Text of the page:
2014 Will Ring in Uncertainty for Many US Taxpayers

When 2013 ends, so will more than 50 US tax provisions. Nearly all of these expiring tax provisions have suffered this fate before, only to be extended retroactively after months of uncertainty for affected taxpayers.

Included among the list of expiring tax provisions are some widely used incentives, such as the research and experimentation tax credit and 50 percent “bonus” depreciation. The list of expiring tax provisions also contains a raft of energy incentives, including the production tax credit for wind energy, incentives for alternative and renewable fuels and credits for energy-efficient appliances and houses. Provisions important to individuals—such as the deduction for out-of-pocket expenses for teachers, higher exclusions for mass-transit benefits and the deduction for state and local sales taxes—will sunset at the end of this year. The same is true for provisions important to US companies with cross-border activities (for example, the “active financing exception” and the subpart F exception for dividends, interest, rents and royalties paid between related controlled foreign corporations) and businesses operating in certain designated or distressed areas. Despite their diversity, these expiring tax provisions have one thing in common: Taxpayers who use them are about to enter months of uncertainty as to their availability.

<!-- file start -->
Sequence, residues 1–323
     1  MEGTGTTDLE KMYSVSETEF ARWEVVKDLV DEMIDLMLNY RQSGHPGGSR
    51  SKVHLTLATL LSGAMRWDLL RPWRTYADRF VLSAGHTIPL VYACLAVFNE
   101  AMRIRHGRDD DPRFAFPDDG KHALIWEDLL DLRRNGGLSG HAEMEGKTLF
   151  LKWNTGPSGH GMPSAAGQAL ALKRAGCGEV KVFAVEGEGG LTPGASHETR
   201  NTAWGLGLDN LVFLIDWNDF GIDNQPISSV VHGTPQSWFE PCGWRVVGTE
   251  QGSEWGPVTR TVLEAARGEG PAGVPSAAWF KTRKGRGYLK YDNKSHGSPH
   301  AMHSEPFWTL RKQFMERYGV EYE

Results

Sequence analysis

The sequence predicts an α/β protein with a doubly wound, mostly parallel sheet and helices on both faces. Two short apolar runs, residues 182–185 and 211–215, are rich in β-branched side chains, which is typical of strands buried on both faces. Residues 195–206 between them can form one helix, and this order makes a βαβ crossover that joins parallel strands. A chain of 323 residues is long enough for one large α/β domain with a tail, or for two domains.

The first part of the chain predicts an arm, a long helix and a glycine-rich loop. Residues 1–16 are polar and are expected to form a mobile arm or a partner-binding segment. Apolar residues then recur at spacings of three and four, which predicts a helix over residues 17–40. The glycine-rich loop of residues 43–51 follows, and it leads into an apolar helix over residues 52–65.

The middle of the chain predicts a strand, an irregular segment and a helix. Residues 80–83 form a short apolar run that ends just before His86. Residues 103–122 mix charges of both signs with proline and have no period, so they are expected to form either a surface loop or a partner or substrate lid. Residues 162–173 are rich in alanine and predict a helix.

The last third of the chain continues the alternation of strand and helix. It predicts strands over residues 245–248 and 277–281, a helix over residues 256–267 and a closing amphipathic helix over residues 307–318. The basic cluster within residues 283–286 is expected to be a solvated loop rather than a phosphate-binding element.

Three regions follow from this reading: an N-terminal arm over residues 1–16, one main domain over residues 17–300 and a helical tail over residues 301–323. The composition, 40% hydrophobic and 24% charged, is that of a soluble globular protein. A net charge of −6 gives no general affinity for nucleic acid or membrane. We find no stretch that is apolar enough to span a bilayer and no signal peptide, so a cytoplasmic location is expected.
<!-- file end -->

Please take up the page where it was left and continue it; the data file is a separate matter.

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Sander Lurie, a member of Dentons’ Public Policy and Regulation practice, co-authored this article.

John Harrington

About John Harrington

John Harrington is the co-leader of Dentons' US Tax practice, which was recognized by The Legal 500 in 2020 for outstanding work in international and non-contentious tax. Recognized by Chambers Global as a Notable Practitioner, he advises clients on inbound and outbound transactional and compliance issues; international tax legislative, regulatory and treaty matters; and a variety of domestic tax issues.

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Marc Teitelbaum

About Marc Teitelbaum

Marc Teitelbaum is the former chair of Dentons' Tax practice, which was recognized by The Legal 500 in 2020 for outstanding work in international and non-contentious tax. Marc has been involved in advising public companies, underwriters and investment funds principally in the following areas: acquisition and disposition of domestic and foreign corporations whether taxable or tax-free transactions; the US tax consequences of foreign operations and foreign joint ventures, in particular, multinational manufacturing and sales operations; debt and equity financings; and investment strategies in partnership form, including tax- and accounting-advantaged structured domestic and cross-border financing arrangements.

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